08 May 2024

April was the hottest April on record globally, surpassing all previous records

According to the Copernicus Climate Change Service (CS3) datasets, global April 2024 surface air temperatures of 15.03°C has been recorded, which is 0.67 °C above the 1991-2020 average for April and 0.14°C above the previous high set in April 2016. This adds to the alarming trend of continuous 11 months of record-breaking high temperatures in a year. The global average temperature for the past 12 months, April 2023 to May 2024 is the highest on record, which is 0.73°C above the 1991-2020 average.  

 

For Europe, April 2024 was the second warmest April on record, with an average temperature 1.49°C higher than the average for April from 1991 to 2020. The temperatures in Eastern regions of Europe were mostly above average throughout April. Similarly, in other global continents such as northern and northeastern North America, Greenland, eastern Asia, northwest Middle East, parts of South America, and most of Africa, higher than average temperatures were recorded. 

 

Such unusually high temperatures are a sounding board and scientific proof that we need urgent climate action to protect vulnerable communities from heat stress and mortality. The high temperatures are attributed to exceptionally high marine air temperatures, high sea surface temperatures and the El Niño Phenomenon. In April 2024, the average global sea surface temperature (SST) across 60°S–60°N was 21.04°C, the highest recorded value for the month. It is worrying that the Arctic Sea ice extent decreased by 2% in April compared to the same month the previous year. Furthermore, the amount of Antarctic Sea ice shrank by a total of 9% in April, continuing a pattern of significant declines in Antarctic Sea ice that began in 2017. Research studies have previously projected that as the Arctic region becomes seasonally ice free, we will experience higher frequency of strong El Nino cycles.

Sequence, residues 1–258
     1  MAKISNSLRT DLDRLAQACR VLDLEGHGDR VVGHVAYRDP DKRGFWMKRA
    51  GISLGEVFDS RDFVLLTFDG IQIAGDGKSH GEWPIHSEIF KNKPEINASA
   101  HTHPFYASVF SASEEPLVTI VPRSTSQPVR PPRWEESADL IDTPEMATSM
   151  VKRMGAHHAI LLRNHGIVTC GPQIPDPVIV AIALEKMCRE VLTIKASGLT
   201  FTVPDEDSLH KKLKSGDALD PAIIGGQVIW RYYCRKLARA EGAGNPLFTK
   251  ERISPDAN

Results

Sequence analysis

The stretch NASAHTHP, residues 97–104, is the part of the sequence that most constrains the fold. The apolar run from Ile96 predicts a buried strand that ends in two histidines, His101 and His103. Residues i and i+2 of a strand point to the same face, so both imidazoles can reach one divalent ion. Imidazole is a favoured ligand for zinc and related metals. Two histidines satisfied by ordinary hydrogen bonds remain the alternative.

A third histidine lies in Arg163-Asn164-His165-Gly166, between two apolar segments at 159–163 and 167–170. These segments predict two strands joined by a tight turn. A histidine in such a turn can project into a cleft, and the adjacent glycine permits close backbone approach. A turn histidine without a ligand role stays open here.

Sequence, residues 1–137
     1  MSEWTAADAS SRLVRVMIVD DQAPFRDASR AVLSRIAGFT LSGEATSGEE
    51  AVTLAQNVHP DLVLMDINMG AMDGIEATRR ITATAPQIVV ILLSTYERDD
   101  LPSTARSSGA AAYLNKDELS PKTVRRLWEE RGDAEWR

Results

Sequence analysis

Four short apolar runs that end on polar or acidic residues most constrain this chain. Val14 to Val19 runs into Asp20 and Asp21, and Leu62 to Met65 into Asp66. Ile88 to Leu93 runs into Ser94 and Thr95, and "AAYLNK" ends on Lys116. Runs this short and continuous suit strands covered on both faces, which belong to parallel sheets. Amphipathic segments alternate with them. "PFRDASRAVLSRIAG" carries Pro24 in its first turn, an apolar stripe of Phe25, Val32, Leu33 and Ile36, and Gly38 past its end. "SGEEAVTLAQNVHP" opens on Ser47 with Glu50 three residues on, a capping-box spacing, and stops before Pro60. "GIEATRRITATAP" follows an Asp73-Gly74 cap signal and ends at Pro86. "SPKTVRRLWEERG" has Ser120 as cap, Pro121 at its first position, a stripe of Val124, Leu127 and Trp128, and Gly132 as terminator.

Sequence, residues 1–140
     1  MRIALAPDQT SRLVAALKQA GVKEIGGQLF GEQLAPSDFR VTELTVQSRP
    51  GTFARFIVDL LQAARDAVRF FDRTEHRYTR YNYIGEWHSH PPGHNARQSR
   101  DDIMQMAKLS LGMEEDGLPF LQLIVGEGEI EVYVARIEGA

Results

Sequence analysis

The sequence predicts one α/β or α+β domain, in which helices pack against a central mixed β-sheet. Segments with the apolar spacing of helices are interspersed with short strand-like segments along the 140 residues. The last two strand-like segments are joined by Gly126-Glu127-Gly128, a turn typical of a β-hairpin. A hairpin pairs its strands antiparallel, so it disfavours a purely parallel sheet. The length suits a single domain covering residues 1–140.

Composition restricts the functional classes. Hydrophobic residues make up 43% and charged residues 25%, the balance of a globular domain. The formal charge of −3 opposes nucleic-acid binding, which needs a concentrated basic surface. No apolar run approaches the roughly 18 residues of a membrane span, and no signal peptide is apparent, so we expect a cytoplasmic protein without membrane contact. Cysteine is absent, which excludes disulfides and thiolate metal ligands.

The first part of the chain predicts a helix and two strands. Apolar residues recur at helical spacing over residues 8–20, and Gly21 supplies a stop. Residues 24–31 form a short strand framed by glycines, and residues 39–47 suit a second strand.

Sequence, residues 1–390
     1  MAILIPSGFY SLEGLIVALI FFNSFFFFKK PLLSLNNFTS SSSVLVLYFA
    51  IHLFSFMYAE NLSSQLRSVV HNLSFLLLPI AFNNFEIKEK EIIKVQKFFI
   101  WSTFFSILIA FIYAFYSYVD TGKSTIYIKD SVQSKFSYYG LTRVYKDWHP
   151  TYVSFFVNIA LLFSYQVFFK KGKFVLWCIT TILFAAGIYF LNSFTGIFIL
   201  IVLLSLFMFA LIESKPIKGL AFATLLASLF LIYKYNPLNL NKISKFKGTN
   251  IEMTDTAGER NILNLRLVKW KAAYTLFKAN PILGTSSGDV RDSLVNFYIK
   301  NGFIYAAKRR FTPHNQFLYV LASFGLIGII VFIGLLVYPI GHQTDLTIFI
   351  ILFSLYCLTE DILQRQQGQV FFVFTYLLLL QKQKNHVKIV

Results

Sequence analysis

Such high sea surface and marine air temperatures have contrasting implications such as droughts and floods in different regions of the world. The recent Brazil floods that affected 850,000 people destroying homes, roads and causing deaths are an example of the repercussions of climate change induced high global temperatures. In April 2024, A greater portion of eastern Spain, the Italian peninsula, the western Balkans, Turkey, Ukraine, southern Russia, and Iceland were drier than usual as was the majority of southern Europe. While, wetter than average conditions were seen over regions of central, eastern and southern North America, across Central Asia, the Persian Gulf countries, easternmost Asia, eastern Australia, and southern Brazil. 

 

Carlo Buontempo, Director of the Copernicus Climate Change Service (C3S) has cautioned that: “El Niño peaked at the beginning of the year and the sea surface temperatures in the eastern tropical pacific are now going back towards neutral conditions. However, whilst temperature variations associated with natural cycles like El Niño come and go, the extra energy trapped into the ocean and the atmosphere by increasing concentrations of greenhouse gases will keep pushing the global temperature towards new records.” 

 

We need urgent phasing out of fossil fuels to safeguard livelihood and health of the most vulnerable groups of society. 

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